February 2018 circular created rift between Finance Ministry and RBI, says Subhash Garg

The circular tightened norms on recognition of stressed assets, scrapped other restructuring schemes and said bad loans would only be resolved under the IBC. Section 7, which had not been used before, allows the government to give directions to th...

NEW DELHI: Former finance secretary Subhash Garg said the February 2018 circular issued by the Reserve Bank of India seeking to tighten the Insolvency and Bankruptcy Code (IBC) was the cause for differences between the two sides. Former RBI governor Urjit Patel’s recent book has suggested that the central bank’s bid to plug the loopholes in the IBC and tighten the screws on corporate borrowers led to his premature departure in 2018.

The government wanted the circular reviewed, Garg said in an interview to ET, adding that it had been issued without any consultation. The then finance minister had tried to discuss the matter with the central bank, he said.

“Mr Arun Jaitley — you can’t find a person better than him for initiating a constructive dialogue — tried to make that dialogue happen,” Garg said. “Unfortunately, when this did not take place, the government had to invoke something where the consultation can take place,” he said, referring to the invocation of Section 7 of the RBI Act.

Patel said the RBI and the finance ministry had been in harmony until this point.

Rejects Acharya’s contention
“The disposition with respect to the IBC or, more generally, in the conviction in the pathway, perceptibly changed – conceivably on defensible grounds – in mid-2018,’’ he writes in Overdraft: Saving the Indian Saver. “Instead of buttressing and future-proofing the gains thus far, an atmosphere to go easy on the pedal ensued. A case of our old failing of a premature pronouncement of victory, perhaps? Until then, for the most part, the finance minister and I were on the same page, with frequent conversations on enhancing the landmark legislation’s operational efficiency.”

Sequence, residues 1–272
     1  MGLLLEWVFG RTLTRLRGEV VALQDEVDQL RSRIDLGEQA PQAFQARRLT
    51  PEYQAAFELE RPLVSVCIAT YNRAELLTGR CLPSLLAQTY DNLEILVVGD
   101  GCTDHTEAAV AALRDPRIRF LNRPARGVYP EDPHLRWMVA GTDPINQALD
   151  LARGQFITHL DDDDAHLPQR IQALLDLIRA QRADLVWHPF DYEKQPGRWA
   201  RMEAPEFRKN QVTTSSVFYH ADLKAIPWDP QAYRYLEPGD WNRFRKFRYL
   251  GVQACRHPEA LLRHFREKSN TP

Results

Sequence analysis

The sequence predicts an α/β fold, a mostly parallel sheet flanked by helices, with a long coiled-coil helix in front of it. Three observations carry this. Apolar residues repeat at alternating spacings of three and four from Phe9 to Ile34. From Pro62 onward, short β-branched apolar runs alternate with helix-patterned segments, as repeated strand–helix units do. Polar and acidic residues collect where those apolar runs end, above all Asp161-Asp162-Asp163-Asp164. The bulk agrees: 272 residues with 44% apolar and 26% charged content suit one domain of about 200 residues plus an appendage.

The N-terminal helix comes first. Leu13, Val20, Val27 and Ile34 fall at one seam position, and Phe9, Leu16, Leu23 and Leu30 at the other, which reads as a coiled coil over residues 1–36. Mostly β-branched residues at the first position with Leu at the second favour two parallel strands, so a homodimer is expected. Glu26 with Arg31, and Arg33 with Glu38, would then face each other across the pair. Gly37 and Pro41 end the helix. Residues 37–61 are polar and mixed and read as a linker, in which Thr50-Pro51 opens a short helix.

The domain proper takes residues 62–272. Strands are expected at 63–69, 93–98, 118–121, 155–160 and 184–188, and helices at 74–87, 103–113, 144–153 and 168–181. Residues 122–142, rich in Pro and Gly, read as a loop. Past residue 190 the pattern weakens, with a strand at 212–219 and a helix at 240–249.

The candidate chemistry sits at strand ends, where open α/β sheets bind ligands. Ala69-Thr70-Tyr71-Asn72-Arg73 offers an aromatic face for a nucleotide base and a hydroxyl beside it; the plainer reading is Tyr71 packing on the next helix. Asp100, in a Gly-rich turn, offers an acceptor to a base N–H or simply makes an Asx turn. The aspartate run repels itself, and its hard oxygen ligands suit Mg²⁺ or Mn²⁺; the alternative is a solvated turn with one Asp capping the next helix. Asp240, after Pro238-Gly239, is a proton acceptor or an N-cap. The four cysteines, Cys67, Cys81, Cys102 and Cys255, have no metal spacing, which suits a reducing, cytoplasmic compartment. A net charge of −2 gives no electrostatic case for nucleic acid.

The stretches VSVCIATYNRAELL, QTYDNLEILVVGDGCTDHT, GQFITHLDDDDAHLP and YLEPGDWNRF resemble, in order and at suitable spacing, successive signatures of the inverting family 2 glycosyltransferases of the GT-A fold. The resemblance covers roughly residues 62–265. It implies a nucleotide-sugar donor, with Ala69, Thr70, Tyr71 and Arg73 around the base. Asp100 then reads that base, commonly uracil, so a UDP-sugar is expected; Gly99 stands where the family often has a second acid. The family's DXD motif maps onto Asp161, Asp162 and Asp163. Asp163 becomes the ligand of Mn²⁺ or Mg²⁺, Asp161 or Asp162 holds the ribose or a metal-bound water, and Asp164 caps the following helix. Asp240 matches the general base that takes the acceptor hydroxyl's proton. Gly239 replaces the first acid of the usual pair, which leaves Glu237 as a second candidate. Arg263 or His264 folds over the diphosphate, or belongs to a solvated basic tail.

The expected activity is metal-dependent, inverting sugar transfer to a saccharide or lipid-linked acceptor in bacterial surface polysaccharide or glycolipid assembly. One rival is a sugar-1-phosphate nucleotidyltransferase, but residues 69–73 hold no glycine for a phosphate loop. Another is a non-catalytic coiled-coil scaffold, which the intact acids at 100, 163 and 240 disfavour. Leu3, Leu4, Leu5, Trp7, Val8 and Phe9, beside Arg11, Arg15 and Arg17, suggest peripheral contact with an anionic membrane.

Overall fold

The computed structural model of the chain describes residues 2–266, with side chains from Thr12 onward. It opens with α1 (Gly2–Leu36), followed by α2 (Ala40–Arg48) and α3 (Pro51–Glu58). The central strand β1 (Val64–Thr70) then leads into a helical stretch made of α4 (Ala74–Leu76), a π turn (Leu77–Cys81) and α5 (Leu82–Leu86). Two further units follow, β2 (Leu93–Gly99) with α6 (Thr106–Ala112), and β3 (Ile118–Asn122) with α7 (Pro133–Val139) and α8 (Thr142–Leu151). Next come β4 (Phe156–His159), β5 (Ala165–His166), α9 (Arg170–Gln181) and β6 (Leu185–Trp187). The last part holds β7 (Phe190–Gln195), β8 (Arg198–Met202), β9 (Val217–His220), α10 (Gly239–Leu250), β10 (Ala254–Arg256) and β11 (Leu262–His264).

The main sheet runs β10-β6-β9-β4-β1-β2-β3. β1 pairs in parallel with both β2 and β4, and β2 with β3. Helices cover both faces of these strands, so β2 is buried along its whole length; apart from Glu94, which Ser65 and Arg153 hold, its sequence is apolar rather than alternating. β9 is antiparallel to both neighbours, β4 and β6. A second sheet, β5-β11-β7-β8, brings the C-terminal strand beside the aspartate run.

The February 12, 2018, circular prescribed a one-size-fits-all approach that did not consider the specific nature of particular sectors such as power, Garg said.

“This was a prominent, major issue, you can say,” he said. “This is where it started.”

The circular tightened norms on recognition of stressed assets, scrapped other restructuring schemes and said bad loans would only be resolved under the IBC. Section 7, which had not been used before, allows the government to give directions to the RBI in matters of public interest.

He dismissed former deputy governor Viral Acharya’s contention, in his own new book, that Patel quit prematurely as RBI governor because of attempts to undermine the institution’s autonomy.

“That is the view, perhaps, of Viral Acharya. Governor Urjit Patel never said so,” Garg said. “He doesn't say this in his book as well. And, therefore, let us not take that as the truth.”

Garg was economic affairs secretary when the events leading up to Patel’s resignation unfolded. Patel quit in December 2018, citing personal reasons.

The government had taken the lead in discussions with the RBI on nonperforming assets (NPAs), Garg said.

“The government and the Reserve Bank together decided that now you have to catch the bull by the horns,” he said, adding that both sides had been united in this endeavour. “IBC was brought in and it succeeded quite a lot initially. The Banking Regulation Act was amended and the RBI was given very comprehensive powers.”

Power problem
The February circular was helpful in encouraging banks toward the IBC but differences started cropping up as the same treatment couldn’t be applied to all sectors, he said.

Garg said he took issue with Patel’s suggestion in the book that the government began having second thoughts when power companies came up for resolution.

“That is the point where I somehow I disagree with him as to what he describes and what the situation truly was,” Garg said.

The government made its best efforts with regard to resolving power company debt, Garg said, adding that a committee under the cabinet secretary was constituted to bring the states on board.

“Unfortunately, the RBI did not join that committee despite being a member of several committees of the government. That is where perceptions differed and started bringing that divergence,” he said.

When the RBI didn’t appear to appreciate the concerns of the industry and government, the companies went to court.

Section 7 had to be invoked as the government perceived the RBI to be intractable in discussing matters of import.
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